A poll conducted by The Washington Post in 1989 found that while two-thirds of those surveyed could not name any of the nine justices on the U.S. Supreme Court, 54 percent could identify Wapner as the judge of “The People’s Court.”
Joseph A. Wapner, a California judge who became a widely recognized symbol of tough but fair-minded American jurisprudence during the 12 years he sat on the bench of the syndicated television show “The People’s Court,” died Sunday at his home in Los Angeles. He was 97.
His death was confirmed to The Associated Press by his son David.
Wapner had served for 20 years on the California Municipal and Superior courts before becoming the occasionally irascible, highly watchable star of “The People’s Court,” a daytime series on which real-life plaintiffs and defendants from California small claims courts would argue their cases before him.
A decorated veteran of World War II, Wapner ran his television courtroom from the show’s debut in 1981 to the end of its original run in 1993 with stern, mesmerizing discipline, cutting off on-screen complainants who displeased him and threatening to levy unspecified penalties on those who dared to interrupt him.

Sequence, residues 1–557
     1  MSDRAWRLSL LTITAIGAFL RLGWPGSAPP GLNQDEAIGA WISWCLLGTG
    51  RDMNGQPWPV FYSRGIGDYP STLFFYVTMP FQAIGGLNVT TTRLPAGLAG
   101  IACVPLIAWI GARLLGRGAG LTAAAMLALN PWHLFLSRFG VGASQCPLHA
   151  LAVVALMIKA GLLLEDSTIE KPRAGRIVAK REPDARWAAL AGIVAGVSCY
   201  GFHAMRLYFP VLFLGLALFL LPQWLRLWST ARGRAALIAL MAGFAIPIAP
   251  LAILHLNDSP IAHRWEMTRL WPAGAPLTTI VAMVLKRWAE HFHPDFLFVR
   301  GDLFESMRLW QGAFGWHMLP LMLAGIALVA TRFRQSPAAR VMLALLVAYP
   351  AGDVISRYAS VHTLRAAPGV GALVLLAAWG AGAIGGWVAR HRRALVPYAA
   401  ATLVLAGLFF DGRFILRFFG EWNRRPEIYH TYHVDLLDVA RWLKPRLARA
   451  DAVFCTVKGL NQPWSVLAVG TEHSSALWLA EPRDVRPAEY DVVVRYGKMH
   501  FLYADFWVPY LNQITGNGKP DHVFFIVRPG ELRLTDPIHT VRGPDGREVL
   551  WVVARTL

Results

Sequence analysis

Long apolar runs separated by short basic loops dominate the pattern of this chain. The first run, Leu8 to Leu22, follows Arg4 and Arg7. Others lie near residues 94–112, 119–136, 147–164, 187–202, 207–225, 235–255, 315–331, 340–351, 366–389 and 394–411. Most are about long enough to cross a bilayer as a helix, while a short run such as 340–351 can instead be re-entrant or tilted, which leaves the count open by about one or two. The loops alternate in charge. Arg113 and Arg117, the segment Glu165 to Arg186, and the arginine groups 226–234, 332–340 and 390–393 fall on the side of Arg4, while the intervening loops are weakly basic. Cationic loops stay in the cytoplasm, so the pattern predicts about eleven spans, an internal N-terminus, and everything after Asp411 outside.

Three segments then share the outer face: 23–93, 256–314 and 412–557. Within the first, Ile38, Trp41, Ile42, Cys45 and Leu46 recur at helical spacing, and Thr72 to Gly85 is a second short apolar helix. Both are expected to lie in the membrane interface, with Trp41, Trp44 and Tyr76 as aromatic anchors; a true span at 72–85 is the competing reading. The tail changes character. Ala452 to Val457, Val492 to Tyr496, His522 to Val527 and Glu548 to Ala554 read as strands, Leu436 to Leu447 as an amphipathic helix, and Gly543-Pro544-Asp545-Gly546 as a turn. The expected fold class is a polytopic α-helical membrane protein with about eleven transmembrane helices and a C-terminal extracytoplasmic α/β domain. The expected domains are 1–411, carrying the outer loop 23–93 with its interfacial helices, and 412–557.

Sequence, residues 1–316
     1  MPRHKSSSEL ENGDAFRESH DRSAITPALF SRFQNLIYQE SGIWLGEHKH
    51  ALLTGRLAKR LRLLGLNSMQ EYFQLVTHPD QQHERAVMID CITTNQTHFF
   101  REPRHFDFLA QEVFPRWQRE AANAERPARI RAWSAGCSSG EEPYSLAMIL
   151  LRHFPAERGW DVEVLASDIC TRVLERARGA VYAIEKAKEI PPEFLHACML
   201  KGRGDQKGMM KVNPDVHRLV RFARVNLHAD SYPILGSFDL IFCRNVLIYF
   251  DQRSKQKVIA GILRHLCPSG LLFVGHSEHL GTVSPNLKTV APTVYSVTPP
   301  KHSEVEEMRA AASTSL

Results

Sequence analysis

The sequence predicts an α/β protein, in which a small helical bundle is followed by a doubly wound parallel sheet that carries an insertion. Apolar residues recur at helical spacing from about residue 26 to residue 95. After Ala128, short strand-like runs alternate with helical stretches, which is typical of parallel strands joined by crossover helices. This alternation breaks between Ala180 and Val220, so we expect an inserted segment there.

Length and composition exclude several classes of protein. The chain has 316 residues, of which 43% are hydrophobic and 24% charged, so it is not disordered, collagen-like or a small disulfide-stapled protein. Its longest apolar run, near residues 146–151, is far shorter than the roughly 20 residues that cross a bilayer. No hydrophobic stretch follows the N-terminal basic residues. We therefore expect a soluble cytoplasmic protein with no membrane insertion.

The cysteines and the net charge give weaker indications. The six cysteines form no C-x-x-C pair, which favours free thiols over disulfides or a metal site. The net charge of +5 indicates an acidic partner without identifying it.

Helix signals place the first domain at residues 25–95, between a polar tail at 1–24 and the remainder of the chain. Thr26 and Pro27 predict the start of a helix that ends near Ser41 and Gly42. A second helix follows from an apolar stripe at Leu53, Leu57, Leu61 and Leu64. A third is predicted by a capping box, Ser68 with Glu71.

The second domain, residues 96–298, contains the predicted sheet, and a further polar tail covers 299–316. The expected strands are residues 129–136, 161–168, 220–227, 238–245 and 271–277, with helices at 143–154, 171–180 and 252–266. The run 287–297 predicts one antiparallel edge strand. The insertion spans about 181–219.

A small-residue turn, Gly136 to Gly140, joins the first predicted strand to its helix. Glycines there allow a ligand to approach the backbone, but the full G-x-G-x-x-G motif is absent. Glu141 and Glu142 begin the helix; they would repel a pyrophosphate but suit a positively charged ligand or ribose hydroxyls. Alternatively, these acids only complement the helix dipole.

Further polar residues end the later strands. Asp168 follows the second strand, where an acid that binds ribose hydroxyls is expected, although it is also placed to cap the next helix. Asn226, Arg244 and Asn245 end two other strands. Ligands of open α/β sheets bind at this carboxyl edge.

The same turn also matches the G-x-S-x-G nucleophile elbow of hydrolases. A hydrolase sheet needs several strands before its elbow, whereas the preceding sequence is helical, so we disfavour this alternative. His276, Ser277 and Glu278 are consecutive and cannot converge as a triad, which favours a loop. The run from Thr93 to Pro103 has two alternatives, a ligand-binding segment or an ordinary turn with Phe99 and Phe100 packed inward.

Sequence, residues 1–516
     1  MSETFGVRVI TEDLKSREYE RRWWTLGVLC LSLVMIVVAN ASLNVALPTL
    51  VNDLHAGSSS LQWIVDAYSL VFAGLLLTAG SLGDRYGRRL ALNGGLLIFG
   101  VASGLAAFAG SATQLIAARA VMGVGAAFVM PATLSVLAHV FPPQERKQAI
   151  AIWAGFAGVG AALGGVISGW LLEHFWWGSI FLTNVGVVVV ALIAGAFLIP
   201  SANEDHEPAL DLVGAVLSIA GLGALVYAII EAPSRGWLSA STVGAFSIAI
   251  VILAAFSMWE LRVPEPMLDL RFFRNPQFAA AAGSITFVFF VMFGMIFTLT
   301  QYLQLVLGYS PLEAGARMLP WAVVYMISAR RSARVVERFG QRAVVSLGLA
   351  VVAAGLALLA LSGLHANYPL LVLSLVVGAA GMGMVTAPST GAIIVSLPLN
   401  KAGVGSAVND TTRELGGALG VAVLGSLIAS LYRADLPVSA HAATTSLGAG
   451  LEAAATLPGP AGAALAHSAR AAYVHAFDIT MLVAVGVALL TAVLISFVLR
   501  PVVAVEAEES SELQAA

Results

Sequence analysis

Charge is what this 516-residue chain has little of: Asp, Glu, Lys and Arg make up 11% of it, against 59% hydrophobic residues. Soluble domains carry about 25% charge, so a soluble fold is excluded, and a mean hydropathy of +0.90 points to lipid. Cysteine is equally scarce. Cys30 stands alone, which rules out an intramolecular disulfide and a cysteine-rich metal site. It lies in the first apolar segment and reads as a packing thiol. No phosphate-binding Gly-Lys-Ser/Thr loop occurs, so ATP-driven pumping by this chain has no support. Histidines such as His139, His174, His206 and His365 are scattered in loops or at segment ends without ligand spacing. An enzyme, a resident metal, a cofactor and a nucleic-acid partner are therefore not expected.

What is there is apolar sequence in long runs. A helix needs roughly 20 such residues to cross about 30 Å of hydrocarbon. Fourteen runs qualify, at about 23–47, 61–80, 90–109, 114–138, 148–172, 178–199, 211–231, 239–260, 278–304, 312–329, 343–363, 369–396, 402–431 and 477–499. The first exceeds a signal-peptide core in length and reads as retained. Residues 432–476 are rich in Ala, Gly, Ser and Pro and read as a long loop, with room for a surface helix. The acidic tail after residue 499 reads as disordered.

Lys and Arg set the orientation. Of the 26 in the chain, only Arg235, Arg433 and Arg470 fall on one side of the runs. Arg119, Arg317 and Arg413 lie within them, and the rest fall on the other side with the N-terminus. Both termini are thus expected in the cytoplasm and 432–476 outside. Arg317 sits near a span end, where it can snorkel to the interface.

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But Wapner’s reasoned verdicts, in disputes over missing pets, encroaching fences or botched hairdos, were difficult to argue with. And his evenhanded hearings of cases in which mere pocket change was at stake let millions of viewers know that no matter how seemingly insignificant their legal disputes, they too were entitled to their day in court.
“People think I’m kind and considerate, and that I listen and evaluate, and give each party a chance to talk,” Wapner said in an interview just as “The People’s Court” was becoming a nationwide hit. “The public’s perception of judges seems to be improving because of what I’m doing, and that makes me happy.”